Then one day he called saying he went to Nigeria to buy more, but he was stuck -- he asked her for ,000 cash to get his purchases back to the States.
At first, Best -- who juggles two part-time jobs working with developmentally-disabled adults and people with mental illness -- resisted, telling John she simply didn't have the money. "He was trying to get me to use my credit cards, borrow from my friends and family," said Best, who earlier told her saga to The Huffington Post.
"Because a victim has legitimate feelings, they might be inclined to offer financial support for this person." For Best, it all started when she signed up for a free online dating site called mingle2.
A man calling himself "John" messaged her and through daily phone calls and messages on Facebook, he gained her trust.
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And many of the scammers aren't even in the United States.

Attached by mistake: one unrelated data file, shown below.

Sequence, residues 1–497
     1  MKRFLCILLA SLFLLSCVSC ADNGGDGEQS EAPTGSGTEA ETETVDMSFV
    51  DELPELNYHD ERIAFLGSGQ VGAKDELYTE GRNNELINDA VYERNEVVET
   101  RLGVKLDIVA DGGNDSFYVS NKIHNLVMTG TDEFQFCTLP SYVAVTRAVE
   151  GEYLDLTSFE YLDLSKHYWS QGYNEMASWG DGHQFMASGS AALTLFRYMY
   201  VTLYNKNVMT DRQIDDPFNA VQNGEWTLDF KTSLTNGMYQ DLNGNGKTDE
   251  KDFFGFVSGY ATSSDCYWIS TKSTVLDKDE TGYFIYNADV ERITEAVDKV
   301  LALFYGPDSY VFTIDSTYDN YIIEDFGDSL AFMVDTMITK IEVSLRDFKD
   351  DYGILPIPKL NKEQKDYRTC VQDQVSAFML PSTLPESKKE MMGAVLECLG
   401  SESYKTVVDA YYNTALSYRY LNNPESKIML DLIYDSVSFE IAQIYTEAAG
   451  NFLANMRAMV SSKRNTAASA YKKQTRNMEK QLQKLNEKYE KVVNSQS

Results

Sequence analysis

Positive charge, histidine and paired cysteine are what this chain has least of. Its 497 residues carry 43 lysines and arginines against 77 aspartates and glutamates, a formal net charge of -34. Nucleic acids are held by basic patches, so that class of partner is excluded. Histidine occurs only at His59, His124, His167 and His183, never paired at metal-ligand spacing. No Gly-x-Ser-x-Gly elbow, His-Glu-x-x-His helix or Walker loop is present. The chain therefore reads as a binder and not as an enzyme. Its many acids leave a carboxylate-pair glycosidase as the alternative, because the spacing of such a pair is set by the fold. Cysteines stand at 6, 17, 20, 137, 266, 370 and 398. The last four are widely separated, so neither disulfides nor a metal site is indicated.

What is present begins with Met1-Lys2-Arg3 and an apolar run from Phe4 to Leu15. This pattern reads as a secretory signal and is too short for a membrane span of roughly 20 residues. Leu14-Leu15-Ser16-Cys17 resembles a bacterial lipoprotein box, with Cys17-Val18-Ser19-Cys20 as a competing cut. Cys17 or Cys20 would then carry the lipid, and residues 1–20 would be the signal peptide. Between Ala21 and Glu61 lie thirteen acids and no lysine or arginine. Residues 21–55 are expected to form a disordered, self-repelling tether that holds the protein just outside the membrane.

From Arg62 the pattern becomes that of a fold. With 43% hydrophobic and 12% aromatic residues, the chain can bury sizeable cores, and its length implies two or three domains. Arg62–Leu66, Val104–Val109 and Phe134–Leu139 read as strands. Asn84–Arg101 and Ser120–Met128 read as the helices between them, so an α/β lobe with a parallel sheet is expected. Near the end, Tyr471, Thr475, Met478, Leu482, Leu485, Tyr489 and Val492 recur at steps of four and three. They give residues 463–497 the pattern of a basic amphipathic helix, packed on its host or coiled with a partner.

"In the process of going back and forth, a scammer is going to try to figure out what makes a person tick, what their vulnerable spots are," said Jenny Shearer, an FBI spokeswoman.
Here are Rules to help you be light and breezy in your e-mails: It all sounds good on paper, but you cannot write “soul mate” and think you will get one that way.
A soul mate is someone who responds to your ad, doesn’t give up e-mailing you, tries to get your number to get a date with you and is a loving and fun companion. So beyond looking desperate, it is really a waste of time to write down “waiting for my soul mate” or anything like it.